The Penrith Panthers of 2022 will run onto Accor Stadium on Sunday night trying to create their own slice of club history, but there are a select few who have been there and done it before.
The teams of 1991 and 2003 became history makers at Penrith, while the 2021 side broke an 18-year Premiership drought, setting up many of the players in that side to be on the verge of winning back-to-back Premiership rings on Sunday night.
Going from pretenders to Premiers
The front page of the Weekender on Friday, September 20 1991 said it all – ‘bound for glory’. Inside, another headline read ‘Panthers to win’.
It was a Grand Final Penrith was always destined to claim.
After going down to the Raiders in 1990, Penrith walked onto the Sydney Football Stadium pitch a much more mature looking team than the one that tasted heartbreak on the very same turf 12 months earlier.
So many things went against Penrith in the big one – Mark Geyer was sent to the sin bin, the Raiders scored a try off a controversial refereeing decision, and Mal Meninga was having a stellar game.
At half-time, with his side down 12-6, Penrith coach Phil Gould delivered an almighty spray to his players. Rumour has it the speech finished with the words: “Are you going to be losers?”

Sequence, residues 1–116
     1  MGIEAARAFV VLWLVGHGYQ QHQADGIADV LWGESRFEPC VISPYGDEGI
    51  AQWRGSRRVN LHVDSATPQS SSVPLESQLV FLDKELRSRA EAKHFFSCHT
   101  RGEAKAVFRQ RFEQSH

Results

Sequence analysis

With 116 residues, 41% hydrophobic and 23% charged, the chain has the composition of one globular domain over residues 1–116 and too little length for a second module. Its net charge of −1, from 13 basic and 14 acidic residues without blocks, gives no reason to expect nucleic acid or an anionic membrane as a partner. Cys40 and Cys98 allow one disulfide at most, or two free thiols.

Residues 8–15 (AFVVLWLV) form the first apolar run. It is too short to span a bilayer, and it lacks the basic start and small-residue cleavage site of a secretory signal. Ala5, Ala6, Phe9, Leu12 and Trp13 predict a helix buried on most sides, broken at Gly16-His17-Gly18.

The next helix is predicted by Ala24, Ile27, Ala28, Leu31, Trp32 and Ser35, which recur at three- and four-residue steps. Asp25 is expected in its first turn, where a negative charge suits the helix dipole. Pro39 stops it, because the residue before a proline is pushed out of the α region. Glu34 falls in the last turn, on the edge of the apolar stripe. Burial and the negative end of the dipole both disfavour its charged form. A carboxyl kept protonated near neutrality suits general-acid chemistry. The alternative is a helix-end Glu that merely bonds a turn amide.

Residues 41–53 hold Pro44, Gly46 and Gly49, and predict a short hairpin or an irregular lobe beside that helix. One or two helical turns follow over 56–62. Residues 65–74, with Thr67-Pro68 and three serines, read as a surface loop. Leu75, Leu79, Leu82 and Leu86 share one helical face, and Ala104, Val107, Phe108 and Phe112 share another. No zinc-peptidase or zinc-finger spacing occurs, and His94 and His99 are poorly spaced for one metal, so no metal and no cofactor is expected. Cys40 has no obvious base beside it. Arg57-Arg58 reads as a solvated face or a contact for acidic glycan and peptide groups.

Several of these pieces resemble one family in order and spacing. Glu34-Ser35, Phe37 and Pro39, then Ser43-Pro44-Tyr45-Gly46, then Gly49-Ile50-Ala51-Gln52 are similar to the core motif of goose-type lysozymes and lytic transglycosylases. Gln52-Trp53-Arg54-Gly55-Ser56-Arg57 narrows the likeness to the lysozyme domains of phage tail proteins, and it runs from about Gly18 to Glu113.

The second half was terrific from Penrith, but with 10 minutes to go, the scores were locked at 12-all and it was anyone’s game.
Then, the man they call Brandy stepped in.
Greg Alexander potted a 38 metre field goal that would give Penrith a 13-12 lead and the advantage heading into the final stages of the game.
The Panthers built pressure and the rest is history – the forced line drop-out, the short restart, the Geyer run, the Simmons try – magic. Alexander confirmed victory with a sideline conversion that gave the Panthers an unassailable 19-12 lead.
“They worked really hard for that – right from the Grand Final day the previous year,” Gould told the Weekender years later.
“It was a wonderful day for the club, it was a wonderful day for the city and it really put Penrith on the map.”
Back at Panthers Leagues Club, the party was epic.
A huge blow-up Panther had guarded the club for much of the week, welcoming fans on Grand Final day who watched the match on 55 screens throughout the club. A Grand Final Disco was held at Reactor One.
One of the big talking points out of the Grand Final was the awarding of the Clive Churchill Medal to Canberra’s Bradley Clyde. Royce Simmons would tell the Weekender years later who he believed should have been handed the prestigious prize that day.
“Greg Alexander was the player of the match. His kicking game was outstanding and his leadership was fantastic,” Simmons said.
Finally, another title heads west
Penrith’s 18-6 Grand Final triumph over the Sydney Roosters on October 5, 2003 was one of the most magical days in club history.
Despite finishing the regular season as Minor Premiers, Penrith still went into the decider against the Roosters as underdogs.
It was no surprise, perhaps, given this Penrith side had finished last just two years earlier, and didn’t make the Finals in 2002. Many simply didn’t believe the Panthers had what it took.